South Sudan: Cathedral provides sanctuary as thousands flee Juba violence

By Gavin Drake
Posted Jul 12, 2016

[Anglican Communion News Service] Thousands of people in Juba have fled their homes and are seeking sanctuary in the city’s Anglican and Roman Catholic cathedrals and other places of worship as fierce gun battles rage around them.

The general secretary of the South Sudan Council of Churches (SSCC), the Rev. James Oyet Latansio, reports that many areas – including the SSCC compound – are effectively no-go areas. The area around the SSCC compound is “under control of the SPLA Government Forces,” he said.

The SPLA is the Sudan People’s Liberation Army, and the current clashes are between the official South Sudanese army – the SPLA government forces – and opposition SPLA forces. The United Nations’ Mission in South Sudan (UNMISS) has condemned the violence between the two groups and called for calm.

“We are trying to take cover from flying bullets in Juba,” Latansio said. “The SSCC Office Compound is a no-go area under control of the SPLA Government Forces. They are very harsh. There are very many unknown armed men moving in the residential areas creating fear among the civil population.”

He said that many thousands of displaced people have sought sanctuary in church compounds – including Bishop Arkanjelo Wani Lemi, Presiding Bishop of the Africa Inland Church. The figure includes more than 15,000 people who have fled the regions of Nyakuron, Rock City, Mauna, Munuki and Jebel in search of shelter, food and security.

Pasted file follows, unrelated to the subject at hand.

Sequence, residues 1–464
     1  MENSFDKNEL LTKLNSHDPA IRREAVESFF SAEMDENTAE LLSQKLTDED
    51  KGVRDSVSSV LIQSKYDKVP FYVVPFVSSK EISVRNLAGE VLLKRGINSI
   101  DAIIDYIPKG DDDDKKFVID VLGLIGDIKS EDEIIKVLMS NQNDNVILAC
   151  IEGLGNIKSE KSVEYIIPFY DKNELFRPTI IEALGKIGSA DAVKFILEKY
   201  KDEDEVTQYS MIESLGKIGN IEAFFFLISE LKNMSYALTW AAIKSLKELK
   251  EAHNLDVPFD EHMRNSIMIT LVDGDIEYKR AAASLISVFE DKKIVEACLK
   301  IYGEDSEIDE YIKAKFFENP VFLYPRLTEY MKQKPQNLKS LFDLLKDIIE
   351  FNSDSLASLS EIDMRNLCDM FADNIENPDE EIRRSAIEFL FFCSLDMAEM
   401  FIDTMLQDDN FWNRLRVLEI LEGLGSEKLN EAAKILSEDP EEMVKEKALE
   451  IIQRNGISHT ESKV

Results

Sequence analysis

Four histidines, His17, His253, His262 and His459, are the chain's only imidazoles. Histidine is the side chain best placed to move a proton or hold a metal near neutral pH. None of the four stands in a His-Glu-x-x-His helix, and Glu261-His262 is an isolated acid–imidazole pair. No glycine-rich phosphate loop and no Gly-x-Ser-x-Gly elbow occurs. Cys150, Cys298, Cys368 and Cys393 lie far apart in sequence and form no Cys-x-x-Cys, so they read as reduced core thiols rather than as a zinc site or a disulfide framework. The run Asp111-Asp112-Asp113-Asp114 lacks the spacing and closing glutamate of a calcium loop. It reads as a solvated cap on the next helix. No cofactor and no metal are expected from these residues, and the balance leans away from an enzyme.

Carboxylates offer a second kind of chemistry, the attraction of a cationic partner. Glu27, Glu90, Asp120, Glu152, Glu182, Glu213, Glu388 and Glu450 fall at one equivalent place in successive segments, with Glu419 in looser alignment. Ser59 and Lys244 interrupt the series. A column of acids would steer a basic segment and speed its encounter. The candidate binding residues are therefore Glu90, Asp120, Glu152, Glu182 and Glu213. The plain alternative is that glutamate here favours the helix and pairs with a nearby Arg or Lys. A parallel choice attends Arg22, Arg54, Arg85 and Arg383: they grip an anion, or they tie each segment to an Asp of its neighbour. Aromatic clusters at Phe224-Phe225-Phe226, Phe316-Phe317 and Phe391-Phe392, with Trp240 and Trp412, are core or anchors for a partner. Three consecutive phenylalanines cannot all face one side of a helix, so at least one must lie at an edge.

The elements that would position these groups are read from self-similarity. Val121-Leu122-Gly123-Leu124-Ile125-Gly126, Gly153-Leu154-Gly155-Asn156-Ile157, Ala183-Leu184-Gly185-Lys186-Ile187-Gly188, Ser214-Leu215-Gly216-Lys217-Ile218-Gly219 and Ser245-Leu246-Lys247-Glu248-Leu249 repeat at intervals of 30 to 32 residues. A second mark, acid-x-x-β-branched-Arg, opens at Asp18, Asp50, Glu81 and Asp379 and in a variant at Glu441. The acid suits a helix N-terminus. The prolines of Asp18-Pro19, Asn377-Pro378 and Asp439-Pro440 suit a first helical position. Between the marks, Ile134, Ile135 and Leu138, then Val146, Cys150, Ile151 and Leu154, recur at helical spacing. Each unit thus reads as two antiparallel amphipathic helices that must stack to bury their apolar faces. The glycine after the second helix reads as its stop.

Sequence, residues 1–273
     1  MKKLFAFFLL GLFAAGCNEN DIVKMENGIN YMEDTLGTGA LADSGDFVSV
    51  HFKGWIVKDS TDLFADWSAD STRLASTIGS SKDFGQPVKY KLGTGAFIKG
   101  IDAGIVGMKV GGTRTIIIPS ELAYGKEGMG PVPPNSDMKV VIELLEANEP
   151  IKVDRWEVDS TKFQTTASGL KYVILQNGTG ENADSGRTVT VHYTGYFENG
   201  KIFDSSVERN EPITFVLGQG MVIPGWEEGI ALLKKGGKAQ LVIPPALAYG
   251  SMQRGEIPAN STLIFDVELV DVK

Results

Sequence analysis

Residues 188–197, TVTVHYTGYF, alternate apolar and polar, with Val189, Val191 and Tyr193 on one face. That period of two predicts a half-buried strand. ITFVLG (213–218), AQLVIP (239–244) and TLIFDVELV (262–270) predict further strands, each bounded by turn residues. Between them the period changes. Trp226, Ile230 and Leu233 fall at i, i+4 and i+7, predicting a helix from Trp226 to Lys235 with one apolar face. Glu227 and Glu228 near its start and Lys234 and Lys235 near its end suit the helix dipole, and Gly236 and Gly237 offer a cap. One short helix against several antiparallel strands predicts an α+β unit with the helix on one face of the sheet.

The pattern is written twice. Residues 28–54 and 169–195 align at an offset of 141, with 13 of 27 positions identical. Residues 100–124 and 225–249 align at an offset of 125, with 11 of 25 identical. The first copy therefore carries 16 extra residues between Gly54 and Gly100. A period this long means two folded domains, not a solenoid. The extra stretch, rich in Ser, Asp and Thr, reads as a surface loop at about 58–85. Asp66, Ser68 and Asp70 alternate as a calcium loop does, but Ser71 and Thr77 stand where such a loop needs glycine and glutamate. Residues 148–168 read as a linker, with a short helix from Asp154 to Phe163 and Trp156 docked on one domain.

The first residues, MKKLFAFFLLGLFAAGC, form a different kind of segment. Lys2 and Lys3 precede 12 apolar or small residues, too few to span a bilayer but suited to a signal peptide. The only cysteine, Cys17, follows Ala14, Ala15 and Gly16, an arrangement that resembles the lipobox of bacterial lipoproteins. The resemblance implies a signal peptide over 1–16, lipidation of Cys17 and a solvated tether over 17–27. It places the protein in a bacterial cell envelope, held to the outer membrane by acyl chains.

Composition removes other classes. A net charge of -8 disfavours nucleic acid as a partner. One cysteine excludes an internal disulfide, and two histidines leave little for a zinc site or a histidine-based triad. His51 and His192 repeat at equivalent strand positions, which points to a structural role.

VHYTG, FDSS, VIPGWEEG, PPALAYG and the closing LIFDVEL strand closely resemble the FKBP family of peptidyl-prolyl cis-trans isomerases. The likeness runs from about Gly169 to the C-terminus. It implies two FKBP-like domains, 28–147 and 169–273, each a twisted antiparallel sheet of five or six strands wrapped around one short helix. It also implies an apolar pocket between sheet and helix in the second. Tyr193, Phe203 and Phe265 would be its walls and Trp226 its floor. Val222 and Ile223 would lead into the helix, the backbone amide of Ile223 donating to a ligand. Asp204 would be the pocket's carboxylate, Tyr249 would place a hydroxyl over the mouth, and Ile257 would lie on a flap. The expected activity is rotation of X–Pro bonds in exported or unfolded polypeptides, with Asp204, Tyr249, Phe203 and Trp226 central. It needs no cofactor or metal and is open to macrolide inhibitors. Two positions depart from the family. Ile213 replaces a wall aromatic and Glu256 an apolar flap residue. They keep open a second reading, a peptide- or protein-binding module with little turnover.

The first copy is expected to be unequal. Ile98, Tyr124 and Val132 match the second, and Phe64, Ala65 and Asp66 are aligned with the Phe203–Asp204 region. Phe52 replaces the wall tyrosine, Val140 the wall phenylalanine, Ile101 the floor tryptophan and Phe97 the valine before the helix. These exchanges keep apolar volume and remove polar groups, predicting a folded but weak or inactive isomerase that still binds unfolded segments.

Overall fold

They have assembled at sites including St. Joseph’s Parish Church, the Anglican All Saints Cathedral, the Roman Catholic St. Theresa’s Cathedral, and the Gumba Sherikat area.

The Anglican Bishop of Rejaf, Enoch Tombe, said July 11 that about 1,000 people are taking shelter in All Saints’ Cathedral.

“Please do pray for South Sudan,” Latansio urged, saying that the people of the country “surely do not deserve this difficult punishment.”

The Anglican Alliance is in close touch with the Episcopal Church of South Sudan & Sudan, and is liaising with Sudra, its relief and development arm, on the response to those in need.

“This is vicious and senseless violence, disrupting the fragile peace process,” the Rev. Rachel Carnegie, co-executive director of the Anglican Alliance, said. “Yet again it is the most vulnerable who are traumatized and harmed and in their hour of need they turn to the Church.

“As a Communion we must stand alongside the Church in South Sudan. We pray for the vulnerable and pray that the ceasefire declared by both political leaders will hold.”

Archbishop of Canterbury Justin Welby issued a statement last night appealing for South Sudan’s leaders to “cease hostilities immediately and accept mediation.”

The UN Security Council met in an emergency secret session this week and the 15 members strongly condemned the escalating violence. After the meeting, Japan’s U.N. Ambassador Koro Bessho, told reporters that the Council had expressed particular shock and outrage at attacks on U.N. compounds and protection of civilians sites in Juba.

“The members of the Council condemned in the strongest terms all attacks and provocations against civilians and the United Nations,” Bessho said. “They emphasized the need for United Nations [civilian protection] sites and United Nations personnel to remain secure.”

Two Chinese U.N. peace keepers and a U.N. staff member are among those killed in recent days. The U.N. Security Council is due to meet again later today to discuss the ongoing situation. The body’s secretary general, Ban Ki-moon, is calling for an immediate arms embargo. “The renewed violence is outrageous,” he said. “It is yet another grievous setback. It deepens the country’s suffering. It makes a mockery of commitments to peace.”


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